The President and the Vice President

This presentation accompanies section 7.1 and gives just some basic information about the qualifications and privileges of the president and vice-president.

Roles of the President

This presentation accompanies section 7.2 in the textbook and contains information about the roles of the president.

Foreign Policy

Foreign Policy is a nation's plan for relating with other nations, hopefully in peace, but in preparation for war. This presentation accompanies section 7.3 of the textbook dealing with US Foreign Policy.

Presidential Helpers

The president could not possibly do all the tasks of the executive branch on his own - there is an army of workers, under the direction of the president, who carry out the work of the executive branch. This presentation, to accompany section 7.4, begins to describe how the executive bureaucracy assist the president.

State Executive

As the nation is made up of states, each has its own government, its own Executive Branch. Here is some basic information about the Governor, Lieutenant Governor, Cabinet, and Council of State. It goes along with section 13.2 in the textbook. Please note, as the General Assembly continues to change some of these position, this information may become out of date.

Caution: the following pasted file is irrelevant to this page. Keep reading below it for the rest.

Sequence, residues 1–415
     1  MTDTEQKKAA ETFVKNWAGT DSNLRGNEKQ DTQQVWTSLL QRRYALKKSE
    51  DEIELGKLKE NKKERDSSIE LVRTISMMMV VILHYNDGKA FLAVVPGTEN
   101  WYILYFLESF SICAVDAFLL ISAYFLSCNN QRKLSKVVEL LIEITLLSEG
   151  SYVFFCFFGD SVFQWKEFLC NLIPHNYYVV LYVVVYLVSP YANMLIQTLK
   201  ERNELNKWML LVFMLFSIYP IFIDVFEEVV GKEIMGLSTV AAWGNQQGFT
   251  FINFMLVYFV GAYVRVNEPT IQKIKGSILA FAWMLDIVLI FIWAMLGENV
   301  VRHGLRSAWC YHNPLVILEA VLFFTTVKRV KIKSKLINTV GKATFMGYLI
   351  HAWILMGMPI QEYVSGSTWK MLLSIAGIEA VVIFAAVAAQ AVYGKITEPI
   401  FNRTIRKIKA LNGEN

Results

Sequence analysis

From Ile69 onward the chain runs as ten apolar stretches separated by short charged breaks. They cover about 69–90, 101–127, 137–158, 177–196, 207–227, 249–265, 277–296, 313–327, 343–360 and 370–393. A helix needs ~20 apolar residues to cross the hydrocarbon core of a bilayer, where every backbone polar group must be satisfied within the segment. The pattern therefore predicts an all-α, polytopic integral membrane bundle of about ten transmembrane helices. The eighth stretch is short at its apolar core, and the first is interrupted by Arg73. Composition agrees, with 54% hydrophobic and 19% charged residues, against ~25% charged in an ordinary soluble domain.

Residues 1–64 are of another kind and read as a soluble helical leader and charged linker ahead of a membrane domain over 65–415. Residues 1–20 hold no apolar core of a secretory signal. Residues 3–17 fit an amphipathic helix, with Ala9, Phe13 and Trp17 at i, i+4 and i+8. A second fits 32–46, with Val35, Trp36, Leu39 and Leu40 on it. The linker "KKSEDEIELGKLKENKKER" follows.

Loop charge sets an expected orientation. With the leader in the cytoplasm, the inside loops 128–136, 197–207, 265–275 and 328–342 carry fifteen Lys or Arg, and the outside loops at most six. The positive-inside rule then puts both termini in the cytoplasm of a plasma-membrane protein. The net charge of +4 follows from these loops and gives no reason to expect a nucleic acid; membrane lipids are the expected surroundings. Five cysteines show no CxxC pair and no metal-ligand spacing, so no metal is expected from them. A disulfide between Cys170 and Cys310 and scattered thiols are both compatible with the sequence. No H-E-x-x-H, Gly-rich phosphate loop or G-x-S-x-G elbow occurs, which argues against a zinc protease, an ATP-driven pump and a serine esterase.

Crash Course #11: Presidential Power #1

From the publisher:
Craig looks at the expressed powers of the President of the United States - that is the ones you can find in the Constitution. From appointing judges and granting pardons, to vetoing laws and acting as the nation’s chief diplomat on foreign policy, the Commander in Chief is a pretty powerful person, but actually not as powerful as you might think. The Constitution also limits presidential powers to maintain balance among the three branches of government. Next week we'll talk about the president's powers NOT mentioned in the Constitution - implied powers.

Crash Course #12: Presidential Power #2

From the publisher: